My editor started out in Romance, and I know another SF author (Rick Taubold) who is very familiar with the romance market. So I guess I'll ask them what they think.

Thanks for your feedback!

Mark.

Chapman208
August 19th, 2007, 04:39 PM
As a reader of both genres, I always check both sections.

A romance is, first and foremost, a love story. Secondary is the variation in characters, settings, and secondary plots. The character and relationship development, 99.7% of the time, has to be the driving force of the plot.

I would, again, tend to agree with David that you would probably alienate the male readers more than you would increase the female readers. Most men would not be caught dead on the Romance aisle, but women don't have a problem checking out the SF section...or at least I don't, :p.

Amanda: That's more or less what I thought about the romance angle. Sunrise Destiny isn't a romance novel with some SF thrown in, it's primarily SF with a fair amount of romance.

It wasn't an either/or decision I was looking for, but whether I should <i>also</i> market the book as Romance SF. It sounds like you're saying no.

Mark.

orangeengr85
August 19th, 2007, 11:01 PM
yeah, i guess i am saying no :lol:

Chapman208
August 20th, 2007, 10:25 AM
Thanks, Amanda. :notworthy:

David Boultbee
August 23rd, 2007, 09:52 AM
David: I'd say the romance plays a major role, but not a predominant role. It's still primarily SF, but the story wouldn't be the same without the romance component. It's not like Star TreK (TOS) or James Bond, with a dalliance here and there. It's a true romance/love story, with Sunrise and Lola starting out as john and hooker, progressing to co-conspirators on the run together, then on to being lovers, and eventually getting married and having a child. Granted most of the story takes place on another planet, but the romance is an integral part of the story. (I'd say 60/40 for the SF/Romance ratio.)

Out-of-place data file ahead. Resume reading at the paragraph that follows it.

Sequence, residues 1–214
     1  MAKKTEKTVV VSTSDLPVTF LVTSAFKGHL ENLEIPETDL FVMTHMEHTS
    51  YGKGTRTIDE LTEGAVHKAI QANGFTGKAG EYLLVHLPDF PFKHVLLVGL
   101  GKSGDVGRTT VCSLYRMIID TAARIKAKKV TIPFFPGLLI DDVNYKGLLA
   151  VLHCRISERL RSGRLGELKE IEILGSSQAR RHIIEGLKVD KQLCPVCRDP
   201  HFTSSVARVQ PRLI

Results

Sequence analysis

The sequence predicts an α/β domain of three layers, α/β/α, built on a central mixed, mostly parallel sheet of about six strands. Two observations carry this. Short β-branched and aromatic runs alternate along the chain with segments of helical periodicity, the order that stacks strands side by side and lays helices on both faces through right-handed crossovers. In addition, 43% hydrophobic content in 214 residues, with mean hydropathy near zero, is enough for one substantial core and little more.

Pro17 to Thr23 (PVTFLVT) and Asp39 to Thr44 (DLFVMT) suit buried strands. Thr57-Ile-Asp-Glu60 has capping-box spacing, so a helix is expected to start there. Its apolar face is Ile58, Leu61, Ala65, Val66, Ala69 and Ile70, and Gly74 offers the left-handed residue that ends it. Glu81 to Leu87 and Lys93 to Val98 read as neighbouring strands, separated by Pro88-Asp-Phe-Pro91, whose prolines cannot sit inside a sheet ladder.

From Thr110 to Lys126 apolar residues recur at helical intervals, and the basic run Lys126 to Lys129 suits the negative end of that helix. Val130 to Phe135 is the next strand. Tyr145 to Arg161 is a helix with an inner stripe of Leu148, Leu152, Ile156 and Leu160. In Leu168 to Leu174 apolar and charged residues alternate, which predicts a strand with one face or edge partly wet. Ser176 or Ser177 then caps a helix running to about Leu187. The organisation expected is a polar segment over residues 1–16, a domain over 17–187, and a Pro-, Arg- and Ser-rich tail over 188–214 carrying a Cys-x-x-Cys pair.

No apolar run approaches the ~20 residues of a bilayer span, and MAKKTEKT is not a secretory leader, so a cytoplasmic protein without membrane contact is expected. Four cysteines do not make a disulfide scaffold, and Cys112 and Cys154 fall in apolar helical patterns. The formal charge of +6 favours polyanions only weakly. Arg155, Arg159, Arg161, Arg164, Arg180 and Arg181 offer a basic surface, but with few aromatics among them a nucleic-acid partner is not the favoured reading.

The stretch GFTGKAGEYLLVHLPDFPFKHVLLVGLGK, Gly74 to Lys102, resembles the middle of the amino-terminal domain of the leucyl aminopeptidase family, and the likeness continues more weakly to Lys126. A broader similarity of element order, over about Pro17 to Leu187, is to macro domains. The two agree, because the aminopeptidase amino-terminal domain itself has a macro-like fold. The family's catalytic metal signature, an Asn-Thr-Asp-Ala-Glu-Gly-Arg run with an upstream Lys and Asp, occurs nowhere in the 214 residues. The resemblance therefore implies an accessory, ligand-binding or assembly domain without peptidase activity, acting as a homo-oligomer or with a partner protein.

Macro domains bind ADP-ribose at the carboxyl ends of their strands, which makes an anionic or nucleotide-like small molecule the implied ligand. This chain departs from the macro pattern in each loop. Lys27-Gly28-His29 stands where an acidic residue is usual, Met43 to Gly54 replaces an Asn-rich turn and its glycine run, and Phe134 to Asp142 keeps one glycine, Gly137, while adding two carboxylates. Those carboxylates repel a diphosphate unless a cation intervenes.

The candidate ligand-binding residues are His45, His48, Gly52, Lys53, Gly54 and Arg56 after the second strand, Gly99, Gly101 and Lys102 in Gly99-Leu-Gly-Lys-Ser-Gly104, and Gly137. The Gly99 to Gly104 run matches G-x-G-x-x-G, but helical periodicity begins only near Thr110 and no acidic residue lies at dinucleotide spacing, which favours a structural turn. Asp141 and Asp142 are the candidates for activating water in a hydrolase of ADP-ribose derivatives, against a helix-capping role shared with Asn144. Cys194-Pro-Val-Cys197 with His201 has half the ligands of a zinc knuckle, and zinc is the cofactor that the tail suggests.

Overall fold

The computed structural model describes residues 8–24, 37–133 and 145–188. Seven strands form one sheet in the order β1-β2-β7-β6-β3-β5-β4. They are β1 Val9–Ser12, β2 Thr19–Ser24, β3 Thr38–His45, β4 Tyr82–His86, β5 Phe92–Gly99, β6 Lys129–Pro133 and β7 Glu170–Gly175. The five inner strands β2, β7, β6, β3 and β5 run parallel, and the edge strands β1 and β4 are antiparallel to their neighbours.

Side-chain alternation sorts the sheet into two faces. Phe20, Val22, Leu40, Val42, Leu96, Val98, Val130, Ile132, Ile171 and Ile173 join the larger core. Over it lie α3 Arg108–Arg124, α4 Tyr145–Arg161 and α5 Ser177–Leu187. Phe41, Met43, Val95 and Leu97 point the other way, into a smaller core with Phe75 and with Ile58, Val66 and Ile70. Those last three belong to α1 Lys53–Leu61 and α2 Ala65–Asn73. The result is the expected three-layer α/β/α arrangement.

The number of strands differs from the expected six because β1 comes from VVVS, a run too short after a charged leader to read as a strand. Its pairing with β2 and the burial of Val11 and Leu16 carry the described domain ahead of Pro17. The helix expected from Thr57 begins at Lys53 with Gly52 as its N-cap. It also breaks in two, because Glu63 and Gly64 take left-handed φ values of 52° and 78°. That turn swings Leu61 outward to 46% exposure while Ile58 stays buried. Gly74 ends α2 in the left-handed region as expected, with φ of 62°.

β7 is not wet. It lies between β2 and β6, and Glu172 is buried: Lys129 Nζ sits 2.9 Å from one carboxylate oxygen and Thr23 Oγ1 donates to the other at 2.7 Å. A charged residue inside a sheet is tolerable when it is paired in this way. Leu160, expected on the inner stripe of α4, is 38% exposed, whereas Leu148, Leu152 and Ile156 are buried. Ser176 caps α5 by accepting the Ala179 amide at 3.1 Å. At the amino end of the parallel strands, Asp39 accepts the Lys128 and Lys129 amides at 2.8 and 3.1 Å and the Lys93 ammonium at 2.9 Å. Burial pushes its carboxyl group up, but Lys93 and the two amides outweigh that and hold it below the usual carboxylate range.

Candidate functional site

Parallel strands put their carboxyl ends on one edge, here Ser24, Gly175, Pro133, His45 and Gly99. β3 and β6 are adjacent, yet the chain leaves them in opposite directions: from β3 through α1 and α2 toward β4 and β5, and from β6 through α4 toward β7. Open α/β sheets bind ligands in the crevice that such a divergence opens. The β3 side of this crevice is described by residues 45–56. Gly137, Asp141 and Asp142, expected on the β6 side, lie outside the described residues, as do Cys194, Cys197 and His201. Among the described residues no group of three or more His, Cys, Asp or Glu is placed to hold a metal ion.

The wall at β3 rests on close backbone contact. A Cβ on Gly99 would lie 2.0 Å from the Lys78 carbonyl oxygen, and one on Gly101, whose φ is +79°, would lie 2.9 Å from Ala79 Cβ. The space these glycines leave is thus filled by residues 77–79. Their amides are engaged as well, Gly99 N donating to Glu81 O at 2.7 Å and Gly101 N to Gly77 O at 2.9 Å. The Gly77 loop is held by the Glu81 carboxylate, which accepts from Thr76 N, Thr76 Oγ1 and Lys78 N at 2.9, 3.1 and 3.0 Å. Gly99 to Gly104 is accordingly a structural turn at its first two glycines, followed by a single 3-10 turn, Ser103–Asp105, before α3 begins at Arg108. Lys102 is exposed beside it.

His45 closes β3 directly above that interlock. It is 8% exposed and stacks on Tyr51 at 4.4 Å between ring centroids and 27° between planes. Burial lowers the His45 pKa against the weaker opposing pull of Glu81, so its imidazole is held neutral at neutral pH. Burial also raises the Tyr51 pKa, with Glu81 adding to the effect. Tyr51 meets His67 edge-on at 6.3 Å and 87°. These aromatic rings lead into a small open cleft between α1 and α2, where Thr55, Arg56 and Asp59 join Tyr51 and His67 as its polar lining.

I'm not looking to market it as straight SF vs. Romance SF. I'm wondering whether it ought to be marketed as both. (That is, market it as SF to SF audiences and as Romance SF to romance audiences.)

But I don't want to overreach and call it romance if it isn't really.

My editor started out in Romance, and I know another SF author (Rick Taubold) who is very familiar with the romance market. So I guess I'll ask them what they think.

Thanks for your feedback!

Mark.

Mark

I think I only read the first 10 or so chapters of Sunrise Destiny. I can't remember about the marriage but I definitely would have remembered a child. LOL.

Anyway, I'd rely on Patty for the final call but it's good to ask these questions. I know that the relationship in The Gender Divide is a strong point and should appeal to women but I don't know about marketing it that way.

BTW spread the word. I just received the 2nd edits from my editor so The Gender Divide is inching close to publication. The contest for a free copy ends when the book goes on sale so get your entries in before it's too late!

Chapman208
August 23rd, 2007, 10:36 AM
David: The marriage and the baby come late in the story (the baby in the epilogue). By Ch. 10, their relationship is still in the early stages. It gets more serious starting with Ch. 12.

Mark.